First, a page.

In a recent conversation with a chief technology officer, he asserted all digital technology changes in his organisation were being led by IT and not by marketing. It made me wonder: How long a marketing function like this could survive?
Marketers looking to harness the Internet of Things (IoT) require a new approach to viewing and implementing processing, analytics, storage, and communications. Certainly, identifying “who’s who, what’s what, and who gets access to what” is one aspect. But how this is processed, managed, protected, stored, and communicated is a whole new kettle of fish for businesses.
Identity management is not just about securing IoT devices; it must rationally secure and make sense of the entire environment, from customers to partners, websites to webpages, to mobile devices, apps, and the cloud. This is by no means a comprehensive list – just one that will hopefully give you an idea of the number of links in the chain.
Back in an age where companies only connected computers to other trusted computers, life was far simpler. Legacy systems were created to maximise internal security, keeping threats well outside. Security was perimeter-based. Firewalls protected organisations. Identity was about internal stakeholders, creating identities for employees to access the right information and services securely. Businesses used to have to cope with, on average, 20-40,000 identities.
However, the dawning of the IoT has turned this on its head. Marketing organisations everywhere need systems that provide secure access externally, to customers, partners, and other important stakeholders. This means systems have to cope with millions of identities, and most of them outside of the firewall. Static and portable devices need to talk to each other, and then there’s Human-to-Machine and Machine-to-Machine identification and interaction on top of that.
Customers need to access company systems via multiple devices or objects and expect a bespoke user experience based on how, when, and where they access services. This requires a single, secure identity platform to unify the entire company ecosystem and enable a straightforward, repeatable way of securing an increasing number of devices. Building a platform that supports and unifies the entire ecosystem is challenging enough, but organisations also need to be able to support new services, new devices, and new infrastructure on the back end.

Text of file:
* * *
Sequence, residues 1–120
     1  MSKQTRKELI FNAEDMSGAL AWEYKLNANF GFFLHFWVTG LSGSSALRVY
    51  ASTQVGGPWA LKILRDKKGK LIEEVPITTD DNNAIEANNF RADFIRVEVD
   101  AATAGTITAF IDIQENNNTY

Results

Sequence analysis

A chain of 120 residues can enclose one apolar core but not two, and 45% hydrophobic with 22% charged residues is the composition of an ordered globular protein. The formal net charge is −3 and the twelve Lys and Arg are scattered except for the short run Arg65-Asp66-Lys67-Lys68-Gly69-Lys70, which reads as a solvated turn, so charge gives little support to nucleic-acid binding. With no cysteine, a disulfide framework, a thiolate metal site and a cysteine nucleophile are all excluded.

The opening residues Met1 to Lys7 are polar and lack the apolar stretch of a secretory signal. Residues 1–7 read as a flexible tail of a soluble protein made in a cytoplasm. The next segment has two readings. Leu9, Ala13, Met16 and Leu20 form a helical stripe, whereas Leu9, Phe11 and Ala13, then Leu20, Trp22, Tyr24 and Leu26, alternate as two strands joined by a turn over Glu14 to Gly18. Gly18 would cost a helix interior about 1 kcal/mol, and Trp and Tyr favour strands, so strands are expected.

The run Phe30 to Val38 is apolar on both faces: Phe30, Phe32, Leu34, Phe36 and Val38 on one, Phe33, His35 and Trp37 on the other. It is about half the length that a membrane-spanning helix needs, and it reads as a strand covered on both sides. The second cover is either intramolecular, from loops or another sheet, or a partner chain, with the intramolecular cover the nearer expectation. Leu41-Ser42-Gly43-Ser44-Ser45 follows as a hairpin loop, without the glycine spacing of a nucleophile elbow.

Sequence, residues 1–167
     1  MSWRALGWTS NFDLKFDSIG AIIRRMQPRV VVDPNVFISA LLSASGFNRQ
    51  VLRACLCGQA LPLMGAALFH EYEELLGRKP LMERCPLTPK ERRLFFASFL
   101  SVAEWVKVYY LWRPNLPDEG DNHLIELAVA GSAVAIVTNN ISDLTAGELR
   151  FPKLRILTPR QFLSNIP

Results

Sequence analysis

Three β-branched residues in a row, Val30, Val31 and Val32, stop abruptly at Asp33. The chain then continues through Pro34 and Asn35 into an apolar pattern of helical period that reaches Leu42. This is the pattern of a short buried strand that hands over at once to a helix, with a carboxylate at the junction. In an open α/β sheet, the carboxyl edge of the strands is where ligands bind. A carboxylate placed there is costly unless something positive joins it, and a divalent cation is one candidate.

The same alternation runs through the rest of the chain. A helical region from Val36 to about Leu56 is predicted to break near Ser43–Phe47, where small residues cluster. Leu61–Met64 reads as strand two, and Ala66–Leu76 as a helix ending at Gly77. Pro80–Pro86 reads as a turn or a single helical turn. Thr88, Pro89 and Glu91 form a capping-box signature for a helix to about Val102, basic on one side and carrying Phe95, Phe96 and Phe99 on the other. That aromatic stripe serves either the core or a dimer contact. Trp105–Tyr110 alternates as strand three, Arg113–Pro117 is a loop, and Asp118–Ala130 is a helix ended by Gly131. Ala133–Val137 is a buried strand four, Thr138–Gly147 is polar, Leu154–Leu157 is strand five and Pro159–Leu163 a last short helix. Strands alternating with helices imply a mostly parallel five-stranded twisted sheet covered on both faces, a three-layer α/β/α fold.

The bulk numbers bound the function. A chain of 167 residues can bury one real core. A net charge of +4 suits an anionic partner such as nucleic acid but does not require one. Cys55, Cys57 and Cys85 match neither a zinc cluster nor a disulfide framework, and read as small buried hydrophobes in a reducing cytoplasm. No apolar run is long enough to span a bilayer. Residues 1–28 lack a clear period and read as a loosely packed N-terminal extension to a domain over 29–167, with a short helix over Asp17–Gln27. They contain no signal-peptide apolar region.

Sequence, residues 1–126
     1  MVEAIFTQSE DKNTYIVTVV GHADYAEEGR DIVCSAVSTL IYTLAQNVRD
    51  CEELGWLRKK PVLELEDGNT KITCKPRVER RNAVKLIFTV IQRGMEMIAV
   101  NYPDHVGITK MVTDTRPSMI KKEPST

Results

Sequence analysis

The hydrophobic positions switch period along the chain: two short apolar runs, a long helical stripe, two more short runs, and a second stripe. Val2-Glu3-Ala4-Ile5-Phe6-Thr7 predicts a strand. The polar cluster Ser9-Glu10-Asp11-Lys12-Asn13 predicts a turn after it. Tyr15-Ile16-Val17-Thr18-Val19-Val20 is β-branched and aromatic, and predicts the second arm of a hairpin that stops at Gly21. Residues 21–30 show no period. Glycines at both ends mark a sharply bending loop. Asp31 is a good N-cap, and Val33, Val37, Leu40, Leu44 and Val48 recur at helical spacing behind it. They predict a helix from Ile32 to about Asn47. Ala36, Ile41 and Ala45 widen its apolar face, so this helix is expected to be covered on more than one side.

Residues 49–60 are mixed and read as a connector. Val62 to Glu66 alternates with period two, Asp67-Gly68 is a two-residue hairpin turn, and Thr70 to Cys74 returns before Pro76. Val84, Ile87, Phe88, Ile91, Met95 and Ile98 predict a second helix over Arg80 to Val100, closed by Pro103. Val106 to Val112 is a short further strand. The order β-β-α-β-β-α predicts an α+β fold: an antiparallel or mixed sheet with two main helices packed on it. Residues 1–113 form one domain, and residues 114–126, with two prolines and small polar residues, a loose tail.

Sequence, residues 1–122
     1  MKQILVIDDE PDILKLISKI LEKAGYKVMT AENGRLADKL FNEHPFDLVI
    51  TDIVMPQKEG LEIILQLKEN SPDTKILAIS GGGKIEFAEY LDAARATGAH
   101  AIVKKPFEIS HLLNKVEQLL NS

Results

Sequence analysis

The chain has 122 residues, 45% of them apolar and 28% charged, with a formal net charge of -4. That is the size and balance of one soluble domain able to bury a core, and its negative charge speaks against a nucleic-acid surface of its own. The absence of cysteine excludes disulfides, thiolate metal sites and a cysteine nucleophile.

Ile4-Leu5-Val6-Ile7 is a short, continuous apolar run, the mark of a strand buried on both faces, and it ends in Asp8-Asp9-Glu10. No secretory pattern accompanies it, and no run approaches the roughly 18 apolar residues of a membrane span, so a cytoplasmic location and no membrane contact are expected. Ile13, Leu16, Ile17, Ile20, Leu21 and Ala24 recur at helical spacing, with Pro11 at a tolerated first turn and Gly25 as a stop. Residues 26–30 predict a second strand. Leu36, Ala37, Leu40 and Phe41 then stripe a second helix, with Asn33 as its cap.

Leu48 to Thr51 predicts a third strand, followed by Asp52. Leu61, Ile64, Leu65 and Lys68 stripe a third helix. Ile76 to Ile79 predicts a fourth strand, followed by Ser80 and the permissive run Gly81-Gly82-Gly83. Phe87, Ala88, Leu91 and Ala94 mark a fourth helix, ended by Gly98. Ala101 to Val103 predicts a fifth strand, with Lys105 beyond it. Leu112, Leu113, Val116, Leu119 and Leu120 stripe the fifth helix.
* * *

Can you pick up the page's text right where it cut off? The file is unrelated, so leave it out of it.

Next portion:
So how do businesses protect data they can’t see as it’s communicated between machines and other parts of the ecosystem?
Contextual Knowledge is Power
Contextual intelligence and awareness can add significant value to digital services. For instance, a connected car can remember the personal preferences of every driver, or the Sony Smart B Trainer can offer personalisation to support the user’s individual fitness goals. The new data propagated by such devices enables companies to better understand their customers, as well as protect them. Devices come to know what to expect from you as a typical user—and notice abnormal behaviour that triggers enhanced security measures. This kind of contextual intelligence also opens up revenue opportunities for cross-selling, upselling, and delivering personalised services.
Encrypting and authenticating this data is essential; however, it is also imperative to understand who accesses data and how, as well as where and when they access it. Knowing this information will help authenticate the user and confirm that their behaviour is in-line with past behaviour. It is important to note that as these kinds of IoT devices continue to come online, organizations need to be sensitive to the highly personal nature of the data that can be collected. Obtaining the consent of the user to act on this data is critical.
Real-time contextual clues, in addition to credentials, provide organisations with the tools needed to decide whether to grant access, and how much access to allow. For instance, if a system detects a login attempt with correct credentials, but from an unrecognised IP address or at an uncharacteristic time of day, it can activate additional security measures such as requesting personal security questions or sending verification codes to a user’s mobile phone.
The speed at which marketing organisations get to reap the rewards of IoT lies firmly in their hands. The Internet of Things requires oganisations to understand and manage an external-facing identity management platform effectively. Unless organisations can link objects, devices, and new mobile and social apps to a single security platform, they won’t be able to truly harness the enormous growth potential offered by IoT.